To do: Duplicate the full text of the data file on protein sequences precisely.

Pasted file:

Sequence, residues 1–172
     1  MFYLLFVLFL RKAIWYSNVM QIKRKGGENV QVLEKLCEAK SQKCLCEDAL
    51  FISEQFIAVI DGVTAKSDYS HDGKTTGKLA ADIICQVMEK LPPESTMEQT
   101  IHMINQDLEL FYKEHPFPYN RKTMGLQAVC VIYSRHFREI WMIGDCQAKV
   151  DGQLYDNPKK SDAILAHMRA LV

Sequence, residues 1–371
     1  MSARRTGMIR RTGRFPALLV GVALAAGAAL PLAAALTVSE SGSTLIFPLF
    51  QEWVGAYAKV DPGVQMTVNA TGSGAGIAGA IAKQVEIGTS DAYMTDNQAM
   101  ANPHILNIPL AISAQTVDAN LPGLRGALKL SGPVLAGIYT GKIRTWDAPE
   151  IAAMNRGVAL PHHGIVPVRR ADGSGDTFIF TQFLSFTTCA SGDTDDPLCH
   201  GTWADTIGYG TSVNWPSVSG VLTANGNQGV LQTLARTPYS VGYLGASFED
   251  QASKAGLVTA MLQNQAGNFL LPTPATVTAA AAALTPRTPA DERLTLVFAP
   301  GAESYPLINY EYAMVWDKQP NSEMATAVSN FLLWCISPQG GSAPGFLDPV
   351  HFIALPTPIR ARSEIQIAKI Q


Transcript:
Sequence, residues 1–172
     1  MFYLLFVLFL RKAIWYSNVM QIKRKGGENV QVLEKLCEAK SQKCLCEDAL
    51  FISEQFIAVI DGVTAKSDYS HDGKTTGKLA ADIICQVMEK LPPESTMEQT
   101  IHMINQDLEL FYKEHPFPYN RKTMGLQAVC VIYSRHFREI WMIGDCQAKV
   151  DGQLYDNPKK SDAILAHMRA LV

Sequence, residues 1–371
     1  MSARRTGMIR RTGRFPALLV GVALAAGAAL PLAAALTVSE SGSTLIFPLF
    51  QEWVGAYAKV DPGVQMTVNA TGSGAGIAGA IAKQVEIGTS DAYMTDNQAM
   101  ANPHILNIPL AISAQTVDAN LPGLRGALKL SGPVLAGIYT GKIRTWDAPE
   151  IAAMNRGVAL PHHGIVPVRR ADGSGDTFIF TQFLSFTTCA SGDTDDPLCH
   201  GTWADTIGYG TSVNWPSVSG VLTANGNQGV LQTLARTPYS VGYLGASFED
   251  QASKAGLVTA MLQNQAGNFL LPTPATVTAA AAALTPRTPA DERLTLVFAP
   301  GAESYPLINY EYAMVWDKQP NSEMATAVSN FLLWCISPQG GSAPGFLDPV
   351  HFIALPTPIR ARSEIQIAKI Q